BlackBerry PlayBook OS 2.0

RIM has finally delivered the operating system its tablet hardware deserved. If you've got a PlayBook, then PlayBook OS 2.0 is an essential upgrade.
Written by Simon Bisson, Contributor

PlayBook OS 2.0 has been a long time coming. It's a major upgrade to RIM's tablet operating system, adding important features like native email, along with an enhanced browser and support for some Android applications. It's also the foundation of the next-generation BlackBerry OS, the QNX-based BlackBerry 10. So how does the future of BlackBerry look?

Available as a free update for existing devices, PlayBook 2.0 is a hefty 505MB download over Wi-Fi (with an additional 8MB of application updates once you've installed the new firmware). Installation can take some time, and the first boot after an update is considerably longer than normal. However all your apps and data are preserved, and we had no issues with the update on any of our test devices. We did have one issue, where a device's BlackBerry ID was corrupted, locking it out of the App World store. However a simple fix — winding the PlayBook's clock forward a couple of years — reset the timeout on the ID, after which we could connect to App World.


Press and hold items on the PlayBook OS 2.0 front screen to delete unwanted apps, or to move them into folders or the task launcher (see our screenshot gallery for many more PlayBook OS 2.0 images)

A new launcher
At first glance, PlayBook OS 2.0 looks very like the original PlayBook OS, with a launcher full of application icons. Two changes to the launcher are a quick-launch toolbar and the ability to create subfolders for your applications. Folders are created much as in Apple's iOS, by dragging one application on top of another, while applications can be pinned to the toolbar in the same way. Hold down an icon until they all start flashing, and you can then move them around the screen and into folders. There's no change in navigation, with the same swipe and slide gestures handling multitasking.

Native mail, at last
The biggest and most obvious change over PlayBook OS 1.0 is the arrival of the Messages application. Unlike BlackBerry OS on smartphones, which uses RIM's own proprietary messaging protocols, PlayBook 2.0 uses standard internet protocols (IMAP and POP3) and Microsoft's Exchange ActiveSync. An encrypted enterprise mail channel is provided by the enterprise device management tool Blackberry Mobile Fusion, which uses a modified version of the Mobile Data System to handle connections to enterprise mail systems.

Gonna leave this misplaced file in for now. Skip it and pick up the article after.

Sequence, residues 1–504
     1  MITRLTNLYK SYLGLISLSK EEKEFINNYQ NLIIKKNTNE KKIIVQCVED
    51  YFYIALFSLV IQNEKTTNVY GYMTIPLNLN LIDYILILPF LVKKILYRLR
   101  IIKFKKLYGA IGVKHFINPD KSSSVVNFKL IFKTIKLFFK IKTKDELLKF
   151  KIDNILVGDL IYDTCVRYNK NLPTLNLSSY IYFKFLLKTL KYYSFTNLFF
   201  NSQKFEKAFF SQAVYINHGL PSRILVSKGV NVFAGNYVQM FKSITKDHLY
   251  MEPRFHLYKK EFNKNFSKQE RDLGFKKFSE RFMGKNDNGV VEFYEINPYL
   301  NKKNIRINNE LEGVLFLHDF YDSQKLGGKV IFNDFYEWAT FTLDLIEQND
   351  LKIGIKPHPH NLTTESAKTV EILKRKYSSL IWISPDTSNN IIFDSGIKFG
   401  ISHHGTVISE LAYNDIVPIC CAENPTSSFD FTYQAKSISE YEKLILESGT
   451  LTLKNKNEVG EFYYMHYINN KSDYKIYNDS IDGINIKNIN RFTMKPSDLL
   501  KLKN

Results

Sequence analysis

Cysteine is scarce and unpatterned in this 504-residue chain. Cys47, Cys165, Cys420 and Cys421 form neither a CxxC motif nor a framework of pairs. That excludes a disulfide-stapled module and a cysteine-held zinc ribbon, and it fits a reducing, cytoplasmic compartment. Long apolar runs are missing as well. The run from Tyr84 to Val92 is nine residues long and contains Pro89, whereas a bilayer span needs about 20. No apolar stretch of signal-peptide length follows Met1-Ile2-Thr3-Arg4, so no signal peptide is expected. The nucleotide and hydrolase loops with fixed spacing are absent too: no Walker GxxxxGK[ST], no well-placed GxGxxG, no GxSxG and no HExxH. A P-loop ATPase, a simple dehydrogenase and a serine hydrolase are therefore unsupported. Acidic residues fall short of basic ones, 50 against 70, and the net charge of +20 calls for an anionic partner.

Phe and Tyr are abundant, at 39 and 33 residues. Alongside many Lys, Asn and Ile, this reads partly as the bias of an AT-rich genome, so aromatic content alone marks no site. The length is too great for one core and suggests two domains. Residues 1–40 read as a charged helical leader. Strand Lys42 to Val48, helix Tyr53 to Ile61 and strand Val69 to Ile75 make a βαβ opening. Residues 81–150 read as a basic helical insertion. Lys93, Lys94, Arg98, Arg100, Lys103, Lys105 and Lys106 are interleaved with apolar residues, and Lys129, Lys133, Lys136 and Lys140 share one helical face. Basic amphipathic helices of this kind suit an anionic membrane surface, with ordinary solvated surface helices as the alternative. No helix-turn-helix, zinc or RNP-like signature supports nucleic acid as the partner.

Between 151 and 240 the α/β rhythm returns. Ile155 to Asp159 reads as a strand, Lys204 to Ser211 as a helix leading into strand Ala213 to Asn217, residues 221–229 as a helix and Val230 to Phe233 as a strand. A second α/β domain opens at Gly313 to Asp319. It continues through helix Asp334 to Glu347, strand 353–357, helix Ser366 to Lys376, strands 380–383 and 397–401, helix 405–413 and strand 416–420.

Messages brings email, Facebook, Twitter and LinkedIn into one single, unified mailbox, with support for rich HTML mail

Messages is a full-featured mail tool, with all the tools you'd expect — including a powerful set of filters to help you search through mail. First you'll need to set up your mail accounts, from inside the PlayBook OS 2.0 settings application, along with Facebook, Twitter and LinkedIn. Although you can have several email accounts, there's only support for a single instance of each of the supported social networks, making PlayBook 2.0 clearly a single-user OS. Navigation through Messages is easy, with a series of cascading panes that let you drill down into mailboxes and folders, as well as into social networks. RIM has used Messages to integrate social messaging into the same mailbox as your email, so you can see and send Twitter DMs alongside Facebook messages and the contents of your LinkedIn inbox.


The PlayBook OS 2.0 Calendar uses typography to show how busy a day is: the larger the number, the more appointments you have

RIM has provided tight integration between Messages and the PlayBook OS 2.0 Contacts and Calendar applications. You can drill into a contact's details (including recent social network updates) from an email message, giving you context for your reply. Messages and Contacts build on the technology RIM acquired with Gist, while another acquisition, the social calendar Tungle, is the foundation of PlayBook 2.0's Calendar. Open the calendar and the relative size of the numeral for a day shows how busy it is. You can see who you're having meetings with, linking into Contacts and Messages for further information. This is the type of integration (and innovation) we expect from RIM, building on the BlackBerry heritage while acknowledging the growing importance of social networks.